But there are times when the majority is blind, when consensus takes hold of a group of people.  And the country is most at risk of that when the majority is large, and when civil society structures are weak.  there are two levels upon which we need to consider this - in the first instance, in Ireland, the government has a massive majority; the political opposition, such as it is, is small, and almost half of the opposition are broadly supportive of government policy.  Outside of the Dáil, civil society structures are non-existent.  The GAA has been decimated as an effective civil society structure by emigration, player mobility, and commercialisation; the Catholic Church - as a civil society structure rather than political actor - is similarly denuded.  What remains?  School boards?  Coder dojo?

The second level upon which we need to consider this is at the European Level.  Politically, there is an absence of opposition.  Occasionally the very brave Nigel Farrage pays a visit, then we all get upset about what a Brit is doing over here telling us what to do, notwithstanding the fact that he's a European, and invariably lobbying on European matters.  Our contempt says more about us, and our political maturity, than it says about him.  As for European civil society structures, we are woefully underdeveloped.  The logic of European Integration and absolute federalism could be that the former state apparatus of the member states fills this role, but that's a long way off.  And given where we are right now, there are a thousand possibilities concerning the future of Europe that are more plausible, and indeed most of them are less palatable.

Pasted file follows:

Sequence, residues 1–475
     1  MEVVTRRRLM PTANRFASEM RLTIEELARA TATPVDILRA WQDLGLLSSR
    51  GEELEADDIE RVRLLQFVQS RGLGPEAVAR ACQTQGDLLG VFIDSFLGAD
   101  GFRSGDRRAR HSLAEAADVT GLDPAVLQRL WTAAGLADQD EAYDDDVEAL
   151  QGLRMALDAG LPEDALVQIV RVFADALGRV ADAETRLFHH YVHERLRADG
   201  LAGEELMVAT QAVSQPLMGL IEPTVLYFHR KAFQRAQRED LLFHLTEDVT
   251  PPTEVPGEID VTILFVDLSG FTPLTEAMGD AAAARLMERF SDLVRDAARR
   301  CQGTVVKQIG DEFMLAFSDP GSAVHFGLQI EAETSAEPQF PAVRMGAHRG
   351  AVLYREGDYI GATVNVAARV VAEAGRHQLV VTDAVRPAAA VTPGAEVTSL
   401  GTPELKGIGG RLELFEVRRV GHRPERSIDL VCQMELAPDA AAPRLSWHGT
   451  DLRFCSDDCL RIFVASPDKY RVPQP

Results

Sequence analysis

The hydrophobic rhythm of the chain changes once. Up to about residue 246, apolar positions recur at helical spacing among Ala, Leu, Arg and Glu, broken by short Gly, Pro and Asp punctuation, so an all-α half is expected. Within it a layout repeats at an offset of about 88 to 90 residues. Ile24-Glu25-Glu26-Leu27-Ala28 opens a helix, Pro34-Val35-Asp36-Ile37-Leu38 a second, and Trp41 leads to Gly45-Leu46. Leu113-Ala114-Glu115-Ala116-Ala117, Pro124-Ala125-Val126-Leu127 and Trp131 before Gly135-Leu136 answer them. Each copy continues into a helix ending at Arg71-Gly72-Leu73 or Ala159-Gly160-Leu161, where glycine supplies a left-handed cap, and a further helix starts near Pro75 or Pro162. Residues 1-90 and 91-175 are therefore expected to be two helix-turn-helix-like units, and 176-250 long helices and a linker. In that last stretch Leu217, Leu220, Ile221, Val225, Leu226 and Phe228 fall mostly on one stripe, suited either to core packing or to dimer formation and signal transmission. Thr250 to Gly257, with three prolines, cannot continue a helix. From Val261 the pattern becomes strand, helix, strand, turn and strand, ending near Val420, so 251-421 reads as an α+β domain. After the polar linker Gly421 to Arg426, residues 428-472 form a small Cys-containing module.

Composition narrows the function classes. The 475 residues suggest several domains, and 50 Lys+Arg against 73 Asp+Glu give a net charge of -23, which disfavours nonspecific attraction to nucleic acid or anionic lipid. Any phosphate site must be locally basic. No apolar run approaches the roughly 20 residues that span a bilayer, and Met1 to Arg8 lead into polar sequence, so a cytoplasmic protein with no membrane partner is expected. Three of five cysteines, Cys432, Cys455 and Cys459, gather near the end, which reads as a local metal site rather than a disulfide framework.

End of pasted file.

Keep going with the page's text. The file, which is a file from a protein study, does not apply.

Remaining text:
Ireland is suffocating under the weight of insurmountable debt, the intransigence of a government that is too powerful, and yet - for all its power - beholden to European masters.  Yet through the pain, and the unemployment, and the suicides, and the depression, there remains an Unrelenting Consensus that what we are doing is in equal measure right and unavoidable.  There are no other options.  There is not even any consideration given to a process for exploring options.  The constitutional convention is a sop to an ill-informed reformist agenda, that will result in no change.  And here, now, we are presented with yet another fait accomplis in the form of the Children's Rights Referendum.  What are the reasons to vote no?  There are none, we are told, by our leaders and our public representatives.  Mattie McGrath was the lone hold-out  in the Dáil against the referendum, purely because he knew it would get him on television, and would appeal to the more traditionalist Catholics still voting for de Valera and McQuaid.  Only after the Supreme Court ruling on Thursday did anyone have the courage to stand up and say "this isn't right."

People need to make their voices heard.  I write my blog, and my tweets, and try and make people think a little differently, but I should be doing more.  We need rational, coherent opposition and thinking.  And we need it now.  We can't wait for opportunists to form an opposition bandwagon in the run up to the next election, in the hope of poaching a cheap reactionary seat and snag a Dáil pension.  We need to break the consensus, it's not healthy, and it's not helping.